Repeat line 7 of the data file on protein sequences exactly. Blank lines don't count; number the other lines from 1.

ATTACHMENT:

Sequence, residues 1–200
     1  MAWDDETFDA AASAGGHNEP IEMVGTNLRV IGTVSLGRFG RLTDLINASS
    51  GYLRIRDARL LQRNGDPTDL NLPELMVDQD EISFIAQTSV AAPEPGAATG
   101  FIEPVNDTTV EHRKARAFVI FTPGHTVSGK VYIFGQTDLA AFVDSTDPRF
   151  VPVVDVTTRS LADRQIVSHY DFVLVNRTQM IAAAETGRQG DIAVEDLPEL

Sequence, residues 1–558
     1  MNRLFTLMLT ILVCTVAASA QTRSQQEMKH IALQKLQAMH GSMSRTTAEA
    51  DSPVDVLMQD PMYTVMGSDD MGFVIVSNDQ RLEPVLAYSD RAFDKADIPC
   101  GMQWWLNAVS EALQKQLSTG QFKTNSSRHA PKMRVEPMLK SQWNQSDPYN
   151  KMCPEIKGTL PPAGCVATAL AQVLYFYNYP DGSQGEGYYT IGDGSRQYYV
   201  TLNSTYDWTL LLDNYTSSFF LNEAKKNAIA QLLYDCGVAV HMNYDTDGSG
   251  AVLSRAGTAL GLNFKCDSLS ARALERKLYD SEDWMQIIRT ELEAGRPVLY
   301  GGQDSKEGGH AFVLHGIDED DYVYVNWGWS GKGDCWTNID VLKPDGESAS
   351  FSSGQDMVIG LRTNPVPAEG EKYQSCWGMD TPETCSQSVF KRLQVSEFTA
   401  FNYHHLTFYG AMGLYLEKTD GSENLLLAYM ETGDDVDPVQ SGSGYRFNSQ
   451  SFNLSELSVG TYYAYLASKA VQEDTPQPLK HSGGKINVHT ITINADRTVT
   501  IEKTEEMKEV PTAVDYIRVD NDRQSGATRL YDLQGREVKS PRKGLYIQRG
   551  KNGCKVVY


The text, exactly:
     1  MNRLFTLMLT ILVCTVAASA QTRSQQEMKH IALQKLQAMH GSMSRTTAEA